The projects Gilbert and Hathaway tackled generally involved integrating massive amounts of data from multiple sources and turning the data into something useful. “One of the things we looked at was second and third order of effects, the notion that everything was connected through the Internet, and when you do something, everything is affected,” recalled Gilbert. “We looked at what the ripple effect would be across the DoD, across government, maybe even across the private sector.”
Sound familiar? “Ten years ago we found everything is integrated, beyond sometimes what we even understood,” says Gilbert . “We had to look at things holistically to solve the problem. You can see how those types of themes are in the problem set that we have today. Everything is interconnected. I definitely see the parallel.”
Yoda of cybersecurity
The skills Hathaway demonstrated in getting bull-headed military brass and intelligence officials to play nice ultimately got her called up to the big leagues of presidential politics. In March 2007, she was recruited to do the grunt work of marshaling support for President Bush’s then-top secret Comprehensive National Cyber Security Initiative. This required getting big bureaucracies and the military branches to buy into Bush’s secretive $30 billion plan to keep foreign cyberspies from continuing to clean out government databases.
Meanwhile, in the same time frame, but on a separate track, a bi-partisan collection of 60 tech industry executives, military officials and a handful of lawmakers formed a special commission to hammer out a consensus view of what U.S. cybersecurity policy should look like. The commission, convened by the Center for Strategic and International Studies (CSIS), ultimately delivered this stack of recommendations, titled “Securing Cyberspace for the 44th President,” to Obama last December. The CSIS report has since been downloaded more than 35,000 times.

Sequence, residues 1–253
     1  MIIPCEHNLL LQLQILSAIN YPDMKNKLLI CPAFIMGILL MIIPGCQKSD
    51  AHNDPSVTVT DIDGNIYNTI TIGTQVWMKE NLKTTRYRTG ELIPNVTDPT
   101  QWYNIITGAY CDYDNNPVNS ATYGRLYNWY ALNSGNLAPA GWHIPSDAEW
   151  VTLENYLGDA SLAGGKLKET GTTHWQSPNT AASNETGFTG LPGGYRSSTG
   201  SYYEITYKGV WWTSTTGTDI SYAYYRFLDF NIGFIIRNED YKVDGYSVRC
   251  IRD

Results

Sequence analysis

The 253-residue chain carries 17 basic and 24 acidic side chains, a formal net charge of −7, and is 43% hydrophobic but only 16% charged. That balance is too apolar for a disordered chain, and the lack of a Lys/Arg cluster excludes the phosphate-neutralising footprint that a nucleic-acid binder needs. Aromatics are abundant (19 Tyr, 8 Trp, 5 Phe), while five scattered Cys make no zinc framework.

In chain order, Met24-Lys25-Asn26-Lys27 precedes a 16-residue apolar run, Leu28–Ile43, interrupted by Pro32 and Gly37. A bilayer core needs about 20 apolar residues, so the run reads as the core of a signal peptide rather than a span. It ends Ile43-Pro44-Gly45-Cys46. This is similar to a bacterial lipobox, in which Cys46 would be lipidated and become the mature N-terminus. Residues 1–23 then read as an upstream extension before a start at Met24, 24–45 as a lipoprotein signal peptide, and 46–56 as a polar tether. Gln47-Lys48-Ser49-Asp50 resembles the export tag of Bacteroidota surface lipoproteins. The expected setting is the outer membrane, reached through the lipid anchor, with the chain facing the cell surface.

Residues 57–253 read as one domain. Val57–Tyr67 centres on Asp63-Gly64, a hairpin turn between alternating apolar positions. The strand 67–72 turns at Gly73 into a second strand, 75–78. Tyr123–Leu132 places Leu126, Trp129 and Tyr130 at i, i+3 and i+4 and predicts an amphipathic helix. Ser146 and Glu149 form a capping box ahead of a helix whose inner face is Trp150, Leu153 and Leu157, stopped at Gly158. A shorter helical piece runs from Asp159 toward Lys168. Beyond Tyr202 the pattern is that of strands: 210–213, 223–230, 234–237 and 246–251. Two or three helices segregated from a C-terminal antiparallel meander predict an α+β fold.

Hathaway became and something of an ad hoc member of the CSIS commission; she debriefed the commissioners regularly about what Bush was up to, and continued doing so as Obama’s go-to cybersecurity expert. CSIS commissioner, Tom Kellermann, has worked closely with Hathaway over the course of the past year and a half.
After hearing Hathaway’s Mission Impossible keynote at RSA, Kellermann, Vice-President of Security Awareness at Core Security Techonologies, had this to say: “I have utmost faith in her holistic vision and I have utmost faith in her leadership style.”
Kellerman says that the appointment of a cabinet-level cybersecurity adviser to lead the holistic charge, appears to still be on the table, despite Obama already having named a White House CTO and CSO.
What’s more, Kellermann believes the White House is giving Hathaway serious consideration as a darkhorse candidate for the nation’s top cybersecurity job; she’s said to be vying against two, and possibly three, longtime Beltway power brokers. If it were up to Kellermann, Hathaway would be the slam dunk choice for cybersecurity czar.
“I worked with Melissa Hathaway and her team for a year and a half while we produced the presidential commission report. I’ve had the privilege of sharing a cup of coffee with Melissa Hathaway. I think she’s by far one of the most wise person to tackle this issue that I’ve seen in years,” says Kellermann. “Her style is very in depth, but also very holistic. She takes copious notes, and she reads heavily. That’s not a common phenomenon in Washington D.C., I must say.”
According to Kellerman, Hathaway appears to be a student of Sun Tzu, author of The Art of War. “One of the things she says all the time is, ‘offense will inform defense,’ ” he says. “She is constantly looking at the questions of ‘How do we coalesce policy, procedure, technologies and authority to create something that could stand the test of time and win this fight?’
“I really have a lot of faith in her. She’s so wise, she’s like the Yoda of cyber, because of all that research and all that background work she’s done. And also, to be honest with you, I think a woman’s perfect for this. Psychologically men are reactive, period. Women are proactive.”
By Byron Acohido
Photo: Hathaway gets her assignment at RSA Conference 2009. (Byron Acohido photo)